CX (Customer Experience) Essentials: Doing Continuous Improvement Feedback The Right Way

Most brands and businesses are aware of the benefits behind capturing feedback throughout the customer journey. Rather than waiting until the end of an experience to send a survey to the customer (which then requires analysis), many are instead asking customers about their experience as they go.

Why wait until I’ve got home from my holiday to ask about my booking experience? Ask me when I’ve booked.

In a world where everyone wants to know “how’s my driving?” and customers are constantly bombarded with feedback requests, companies want advice on the right way to do continuous improvement feedback so that they don’t bombard and overwhelm their customers.

The good news is, we’ve got the answers. Remember, continuous improvement feedback should be about starting a conversation with your customer. You don’t want to be that annoying guest in the kitchen at parties who doesn’t know when to stop…

Here are our definitive 10 top tips on how to do continuous improvement feedback the right way:

  1. Ask for customer feedback at the right time – always map the journey to identify the “moments of truth” where customers will have something to tell you, not just where you want to ask. Think about how customers might be feeling through the stages of their journey, this is a true customer-centric approach.
  2. Don’t interrupt the journey – if there’s a risk that customers will use the feedback request to ask questions then it’s the wrong time to ask, e.g. don’t ask for feedback about making a booking before the customer has received their confirmation details.
  3. Don’t over listen – we use suppression rules so that customers don’t get another feedback request within a fixed time frame. As a rule of thumb, we suggest 7 days as a minimum and 30 days maximum.
  4. Don’t wait for feedback to tell you what you know – you shouldn’t use a feedback request to capture feedback from customers about needing further information or asking for clarity. Instead, be proactive, update and inform customers when you have something to tell them and manage their expectations throughout the customer journey.
  5. Use the right channels – more and more companies recognise the value of SMS. Not only does it generate the highest response volumes (around 30%) it’s also the easiest channel because we all have our phones with us and we all respond to text messages faster than email. It also doesn’t interrupt the customer’s day, which is why response rates increase when customers get home from work or finish dinner.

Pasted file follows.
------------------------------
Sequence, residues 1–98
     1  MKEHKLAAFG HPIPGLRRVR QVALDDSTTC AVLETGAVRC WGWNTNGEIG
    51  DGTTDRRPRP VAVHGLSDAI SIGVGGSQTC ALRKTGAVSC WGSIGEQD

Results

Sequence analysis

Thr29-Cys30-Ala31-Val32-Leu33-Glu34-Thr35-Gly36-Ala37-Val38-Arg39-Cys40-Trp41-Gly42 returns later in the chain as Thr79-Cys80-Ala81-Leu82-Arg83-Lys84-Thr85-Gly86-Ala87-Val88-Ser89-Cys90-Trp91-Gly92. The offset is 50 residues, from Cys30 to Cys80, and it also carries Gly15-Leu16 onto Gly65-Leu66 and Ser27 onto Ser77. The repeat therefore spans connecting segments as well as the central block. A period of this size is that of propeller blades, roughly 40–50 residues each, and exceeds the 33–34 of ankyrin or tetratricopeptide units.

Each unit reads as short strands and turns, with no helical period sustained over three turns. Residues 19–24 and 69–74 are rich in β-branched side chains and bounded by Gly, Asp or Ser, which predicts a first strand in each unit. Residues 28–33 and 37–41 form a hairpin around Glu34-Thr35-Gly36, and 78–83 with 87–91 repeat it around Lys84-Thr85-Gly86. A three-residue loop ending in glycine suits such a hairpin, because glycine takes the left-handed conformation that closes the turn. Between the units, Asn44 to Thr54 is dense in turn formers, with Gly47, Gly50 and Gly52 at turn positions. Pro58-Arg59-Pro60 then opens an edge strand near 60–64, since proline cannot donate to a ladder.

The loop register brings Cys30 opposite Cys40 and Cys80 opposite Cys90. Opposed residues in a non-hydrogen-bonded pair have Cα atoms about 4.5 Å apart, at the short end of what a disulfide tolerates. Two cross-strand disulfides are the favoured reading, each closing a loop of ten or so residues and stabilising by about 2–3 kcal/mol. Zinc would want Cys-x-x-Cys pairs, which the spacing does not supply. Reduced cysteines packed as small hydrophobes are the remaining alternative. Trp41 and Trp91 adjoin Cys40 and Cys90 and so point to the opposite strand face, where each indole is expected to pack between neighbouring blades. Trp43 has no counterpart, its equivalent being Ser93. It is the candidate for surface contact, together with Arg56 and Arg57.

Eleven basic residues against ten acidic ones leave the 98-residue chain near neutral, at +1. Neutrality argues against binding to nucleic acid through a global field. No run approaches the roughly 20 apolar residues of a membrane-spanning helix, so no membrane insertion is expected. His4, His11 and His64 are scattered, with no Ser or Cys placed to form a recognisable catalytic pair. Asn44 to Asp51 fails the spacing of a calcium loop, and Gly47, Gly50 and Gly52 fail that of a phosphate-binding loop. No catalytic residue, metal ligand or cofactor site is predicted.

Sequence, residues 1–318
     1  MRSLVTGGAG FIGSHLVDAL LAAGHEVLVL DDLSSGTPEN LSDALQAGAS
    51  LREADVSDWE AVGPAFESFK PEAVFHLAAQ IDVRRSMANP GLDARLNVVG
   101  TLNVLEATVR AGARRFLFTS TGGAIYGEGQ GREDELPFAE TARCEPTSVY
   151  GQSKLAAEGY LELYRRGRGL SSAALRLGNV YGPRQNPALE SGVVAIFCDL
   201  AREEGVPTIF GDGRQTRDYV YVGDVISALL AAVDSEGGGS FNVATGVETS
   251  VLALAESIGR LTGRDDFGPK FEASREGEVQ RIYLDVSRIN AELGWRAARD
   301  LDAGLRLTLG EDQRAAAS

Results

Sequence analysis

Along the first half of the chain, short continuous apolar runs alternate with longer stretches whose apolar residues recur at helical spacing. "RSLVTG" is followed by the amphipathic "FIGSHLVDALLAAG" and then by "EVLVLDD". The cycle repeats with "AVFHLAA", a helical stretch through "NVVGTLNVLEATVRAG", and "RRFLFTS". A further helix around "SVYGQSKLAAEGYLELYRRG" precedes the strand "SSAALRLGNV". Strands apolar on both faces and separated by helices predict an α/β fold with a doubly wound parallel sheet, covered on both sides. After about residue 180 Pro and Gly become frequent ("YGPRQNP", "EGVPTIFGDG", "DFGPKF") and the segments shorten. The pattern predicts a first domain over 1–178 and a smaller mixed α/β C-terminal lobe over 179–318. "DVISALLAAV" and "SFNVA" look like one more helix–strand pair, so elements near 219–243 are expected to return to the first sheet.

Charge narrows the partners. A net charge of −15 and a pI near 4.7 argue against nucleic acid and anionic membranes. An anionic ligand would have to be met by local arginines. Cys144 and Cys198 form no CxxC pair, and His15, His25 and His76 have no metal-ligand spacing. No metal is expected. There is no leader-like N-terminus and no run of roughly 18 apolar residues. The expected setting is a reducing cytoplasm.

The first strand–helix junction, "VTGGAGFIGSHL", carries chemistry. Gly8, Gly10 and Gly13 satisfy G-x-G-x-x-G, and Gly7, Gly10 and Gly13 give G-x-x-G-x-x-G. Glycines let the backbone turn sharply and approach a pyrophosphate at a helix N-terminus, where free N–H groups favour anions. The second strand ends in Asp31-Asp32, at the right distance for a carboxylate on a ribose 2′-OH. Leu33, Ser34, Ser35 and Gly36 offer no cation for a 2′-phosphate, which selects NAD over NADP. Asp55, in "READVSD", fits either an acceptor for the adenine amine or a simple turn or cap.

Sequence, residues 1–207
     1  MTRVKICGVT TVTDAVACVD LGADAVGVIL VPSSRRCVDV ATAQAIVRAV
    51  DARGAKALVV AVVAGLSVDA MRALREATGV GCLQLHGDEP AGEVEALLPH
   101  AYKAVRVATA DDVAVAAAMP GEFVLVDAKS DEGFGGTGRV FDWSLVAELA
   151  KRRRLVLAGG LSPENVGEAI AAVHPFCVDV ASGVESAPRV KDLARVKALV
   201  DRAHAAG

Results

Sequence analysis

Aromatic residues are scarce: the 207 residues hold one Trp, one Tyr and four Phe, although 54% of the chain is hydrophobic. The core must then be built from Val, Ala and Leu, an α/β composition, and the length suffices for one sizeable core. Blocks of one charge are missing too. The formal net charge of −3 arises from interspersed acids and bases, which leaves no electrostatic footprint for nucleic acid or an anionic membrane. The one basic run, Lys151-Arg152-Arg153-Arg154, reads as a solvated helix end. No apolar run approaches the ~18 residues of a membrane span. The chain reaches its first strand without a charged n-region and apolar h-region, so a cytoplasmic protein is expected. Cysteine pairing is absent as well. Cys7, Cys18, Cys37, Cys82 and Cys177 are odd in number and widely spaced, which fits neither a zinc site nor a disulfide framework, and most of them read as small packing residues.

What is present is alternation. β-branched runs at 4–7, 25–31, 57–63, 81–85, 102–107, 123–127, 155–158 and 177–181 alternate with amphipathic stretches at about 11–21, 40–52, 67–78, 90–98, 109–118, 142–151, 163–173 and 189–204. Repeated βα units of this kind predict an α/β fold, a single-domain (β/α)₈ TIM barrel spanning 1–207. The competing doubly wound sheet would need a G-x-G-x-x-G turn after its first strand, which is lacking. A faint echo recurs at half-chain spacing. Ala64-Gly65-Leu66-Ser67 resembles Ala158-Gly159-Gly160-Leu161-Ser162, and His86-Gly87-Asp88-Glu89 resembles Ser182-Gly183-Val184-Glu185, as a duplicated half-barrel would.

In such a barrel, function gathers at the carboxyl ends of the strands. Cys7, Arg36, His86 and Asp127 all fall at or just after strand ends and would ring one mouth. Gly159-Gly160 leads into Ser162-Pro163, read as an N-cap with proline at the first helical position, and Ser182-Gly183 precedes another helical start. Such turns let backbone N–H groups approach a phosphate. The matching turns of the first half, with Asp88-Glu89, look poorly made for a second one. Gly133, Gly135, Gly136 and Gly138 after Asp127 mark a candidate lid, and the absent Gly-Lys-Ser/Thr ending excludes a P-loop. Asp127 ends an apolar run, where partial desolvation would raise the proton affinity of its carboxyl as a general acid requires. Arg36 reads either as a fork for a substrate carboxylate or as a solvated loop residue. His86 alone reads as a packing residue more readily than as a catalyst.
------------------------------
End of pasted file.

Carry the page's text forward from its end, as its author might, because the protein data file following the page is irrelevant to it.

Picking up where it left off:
6. Ask the right questions – let the customer tell you what they want, not just what you care about. We all agree it’s important for customers to feel welcome when they walk into your store, but great service goes further than that. Don’t ask customers if a member of staff said hello. Rather, let them tell you how they feel and you’ll learn if they didn’t feel very welcomed.
  7. Ask a consistent metric – ideally, you will be able to show a consistent score across the customer journey. This can be Satisfaction, Effort or Transactional NPS but you’ll want one metric which compares apples with apples throughout the (CX) customer experience.
  8. It’s all about the comments – this is where we generate the most insight. Customers will tell you both what you want to know but also what you didn’t. Pre-set questions leave very little room for the unknown.
  9. Be wary of additional questions – sometimes you’ll want to know more than just an overall score but be aware that more questions drive dropouts. For text message interactions we see a 5%-10% drop off for each additional question, and we never recommend more than 3! It’s the same for every additional survey web page and with most of us completing them on our phones, we’re already limited by space.
  10. There is still room for relationship surveys – companies still want to track how their customers feel about their brand outside of the interactions they have, so relationship surveys still have a place. Our only advice is to review your questions with your transactional feedback in mind. Chances are, there’s a bunch of questions you already have the answers for…

By avoiding the common pitfalls of continuous improvement feedback you’ll be able to capture feedback that actually means something and effectively drive change on behalf of your customers. It’s critical for brands to get their heads around what kind of journey their customers are on so they can learn how to manage experiences better.

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